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Chinese highly pathogenic porcine reproductive and respiratory syndrome virus exhibits more extensive tissue tropism for pigs
Virology Journal volume 9, Article number: 203 (2012)
The highly pathogenic porcine reproductive and respiratory syndrome virus (PRRSV) emerging in China exhibits high fatality to pigs. However, the mechanism related to the increased pathogenicity of the virus remains unclear. In the present study, the differences in tissue tropism between the highly pathogenic PRRSV strain (JXwn06) and the low pathogenic PRRSV strain (HB-1/3.9) were investigated using PRRSV-specific immunohistochemistry (IHC) staining to provide evidence for elucidating possible mechanism of the pathogenicity of Chinese highly pathogenic PRRSV.
IHC examination showed that PRRSV antigen in the tissues including spleen, tonsil, thymus, kidney, cerebellum, stomach, small intestine, large intestine, turbinal bone and laryngeal cartilage was positive in more pigs inoculated with JXwn06 than HB-1/3.9, and the tissues including trachea, esophagus, liver, mandibular gland and thyroid gland were positive for viral antigen in the pigs inoculated with JXwn06, but not in the pigs inoculated with HB-1/3.9. Meanwhile, we observed that epithelium in tissues including interlobular bile duct in liver, distal renal tubule of kidney, esophageal gland and tracheal gland were positive for viral antigen only in JXwn06-inoculated pigs, and epithelium of gastric mucosa and fundic gland, and intestinal gland were positive for viral antigen in both JXwn06- and HB-1/3.9-inoculated pigs, using monoclonal antibodies to N and Nsp2 proteins.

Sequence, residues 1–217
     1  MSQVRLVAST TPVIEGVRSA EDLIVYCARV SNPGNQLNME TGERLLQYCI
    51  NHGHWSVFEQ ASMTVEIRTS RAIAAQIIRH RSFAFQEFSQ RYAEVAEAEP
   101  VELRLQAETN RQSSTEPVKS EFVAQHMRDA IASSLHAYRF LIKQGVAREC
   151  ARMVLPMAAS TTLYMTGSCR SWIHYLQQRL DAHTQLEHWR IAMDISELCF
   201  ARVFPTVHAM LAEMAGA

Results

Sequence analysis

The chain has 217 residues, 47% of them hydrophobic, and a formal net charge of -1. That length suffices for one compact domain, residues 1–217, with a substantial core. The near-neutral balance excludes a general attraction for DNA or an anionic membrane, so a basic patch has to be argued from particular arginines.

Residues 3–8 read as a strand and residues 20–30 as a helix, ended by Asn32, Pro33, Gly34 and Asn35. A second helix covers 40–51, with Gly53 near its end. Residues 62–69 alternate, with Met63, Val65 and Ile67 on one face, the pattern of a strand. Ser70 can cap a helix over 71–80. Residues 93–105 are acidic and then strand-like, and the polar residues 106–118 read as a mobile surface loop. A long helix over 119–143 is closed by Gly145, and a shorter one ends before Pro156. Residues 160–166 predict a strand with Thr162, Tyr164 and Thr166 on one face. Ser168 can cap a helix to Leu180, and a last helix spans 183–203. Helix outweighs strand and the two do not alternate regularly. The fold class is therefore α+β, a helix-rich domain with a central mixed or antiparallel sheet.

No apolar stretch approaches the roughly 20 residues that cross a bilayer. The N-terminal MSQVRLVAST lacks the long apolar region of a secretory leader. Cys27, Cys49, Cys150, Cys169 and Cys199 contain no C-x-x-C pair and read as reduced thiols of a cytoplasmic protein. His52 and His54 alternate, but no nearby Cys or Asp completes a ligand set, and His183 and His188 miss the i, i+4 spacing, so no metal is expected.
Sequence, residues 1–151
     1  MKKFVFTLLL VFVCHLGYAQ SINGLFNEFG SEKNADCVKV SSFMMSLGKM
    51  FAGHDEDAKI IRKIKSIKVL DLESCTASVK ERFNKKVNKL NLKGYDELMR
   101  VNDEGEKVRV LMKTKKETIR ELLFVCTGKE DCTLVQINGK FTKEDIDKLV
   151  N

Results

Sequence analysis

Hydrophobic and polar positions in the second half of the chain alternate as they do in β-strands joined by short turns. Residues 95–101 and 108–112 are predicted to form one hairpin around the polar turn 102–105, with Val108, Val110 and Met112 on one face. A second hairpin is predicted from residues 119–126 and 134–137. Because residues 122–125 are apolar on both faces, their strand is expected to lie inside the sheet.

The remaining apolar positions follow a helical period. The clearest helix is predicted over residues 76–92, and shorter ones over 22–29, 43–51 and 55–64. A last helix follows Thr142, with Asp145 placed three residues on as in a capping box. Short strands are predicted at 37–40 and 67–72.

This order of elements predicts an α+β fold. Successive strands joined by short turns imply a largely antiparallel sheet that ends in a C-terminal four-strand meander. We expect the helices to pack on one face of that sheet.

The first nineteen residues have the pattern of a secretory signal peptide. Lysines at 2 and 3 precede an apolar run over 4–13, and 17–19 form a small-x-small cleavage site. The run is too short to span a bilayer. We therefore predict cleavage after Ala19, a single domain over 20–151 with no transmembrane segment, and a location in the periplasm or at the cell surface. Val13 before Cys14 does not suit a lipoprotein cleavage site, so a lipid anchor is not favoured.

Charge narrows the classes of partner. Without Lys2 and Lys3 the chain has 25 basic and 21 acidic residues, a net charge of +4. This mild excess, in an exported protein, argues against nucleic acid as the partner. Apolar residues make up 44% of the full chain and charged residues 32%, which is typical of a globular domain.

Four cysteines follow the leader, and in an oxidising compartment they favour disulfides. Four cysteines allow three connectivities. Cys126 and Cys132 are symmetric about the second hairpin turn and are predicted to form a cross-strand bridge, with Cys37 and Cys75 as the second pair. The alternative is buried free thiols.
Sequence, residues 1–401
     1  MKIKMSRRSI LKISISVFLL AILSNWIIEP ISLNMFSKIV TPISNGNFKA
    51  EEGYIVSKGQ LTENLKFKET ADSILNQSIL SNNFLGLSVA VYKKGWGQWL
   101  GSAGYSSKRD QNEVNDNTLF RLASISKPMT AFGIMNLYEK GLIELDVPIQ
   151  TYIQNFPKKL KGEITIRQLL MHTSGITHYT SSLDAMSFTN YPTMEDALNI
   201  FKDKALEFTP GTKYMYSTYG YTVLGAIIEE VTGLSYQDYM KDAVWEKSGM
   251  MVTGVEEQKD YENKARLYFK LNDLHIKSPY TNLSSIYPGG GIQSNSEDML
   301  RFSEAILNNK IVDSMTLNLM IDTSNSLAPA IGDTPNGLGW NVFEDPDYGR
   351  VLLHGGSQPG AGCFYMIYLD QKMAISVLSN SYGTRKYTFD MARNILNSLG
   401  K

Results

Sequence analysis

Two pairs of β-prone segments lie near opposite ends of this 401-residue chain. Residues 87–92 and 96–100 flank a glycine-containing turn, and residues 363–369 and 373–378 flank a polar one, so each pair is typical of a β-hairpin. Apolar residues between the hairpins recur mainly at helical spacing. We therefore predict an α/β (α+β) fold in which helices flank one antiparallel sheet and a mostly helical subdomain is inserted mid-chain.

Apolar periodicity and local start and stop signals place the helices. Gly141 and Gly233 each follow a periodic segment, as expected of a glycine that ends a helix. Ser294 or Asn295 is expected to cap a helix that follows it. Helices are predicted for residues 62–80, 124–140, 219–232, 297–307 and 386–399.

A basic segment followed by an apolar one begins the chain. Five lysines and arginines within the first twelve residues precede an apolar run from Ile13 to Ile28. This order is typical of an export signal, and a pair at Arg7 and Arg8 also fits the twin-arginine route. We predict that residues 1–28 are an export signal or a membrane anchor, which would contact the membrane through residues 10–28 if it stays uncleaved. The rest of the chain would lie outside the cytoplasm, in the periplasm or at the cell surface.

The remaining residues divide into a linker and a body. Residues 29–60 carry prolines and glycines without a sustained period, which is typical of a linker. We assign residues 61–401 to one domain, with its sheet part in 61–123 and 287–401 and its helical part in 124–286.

Taken together, these findings indicate that the highly pathogenic PRRSV JXwn06 displays an expanded tissue tropism in vivo, suggesting this may contribute to its high pathogenicity to pigs.
Porcine reproductive and respiratory syndrome (PRRS) has become a well-recognized global swine disease [1, 2] since it was first reported as a “mystery swine disease” in the United States in 1987 . The disease is predominantly characterized by reproductive failure in sows, pre-weaning mortality, and respiratory disorders in pigs of all ages [4, 5], resulting in great economic losses for the swine industry .